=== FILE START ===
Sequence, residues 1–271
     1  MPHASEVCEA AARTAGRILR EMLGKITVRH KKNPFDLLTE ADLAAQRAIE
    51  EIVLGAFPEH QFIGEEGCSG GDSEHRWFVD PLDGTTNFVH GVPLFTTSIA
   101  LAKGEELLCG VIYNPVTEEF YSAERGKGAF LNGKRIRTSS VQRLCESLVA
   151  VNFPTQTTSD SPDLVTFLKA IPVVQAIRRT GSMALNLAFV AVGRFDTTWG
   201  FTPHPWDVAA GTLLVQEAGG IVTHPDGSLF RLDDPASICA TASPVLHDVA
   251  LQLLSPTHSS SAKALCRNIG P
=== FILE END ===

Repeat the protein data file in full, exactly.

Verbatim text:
Sequence, residues 1–271
     1  MPHASEVCEA AARTAGRILR EMLGKITVRH KKNPFDLLTE ADLAAQRAIE
    51  EIVLGAFPEH QFIGEEGCSG GDSEHRWFVD PLDGTTNFVH GVPLFTTSIA
   101  LAKGEELLCG VIYNPVTEEF YSAERGKGAF LNGKRIRTSS VQRLCESLVA
   151  VNFPTQTTSD SPDLVTFLKA IPVVQAIRRT GSMALNLAFV AVGRFDTTWG
   201  FTPHPWDVAA GTLLVQEAGG IVTHPDGSLF RLDDPASICA TASPVLHDVA
   251  LQLLSPTHSS SAKALCRNIG P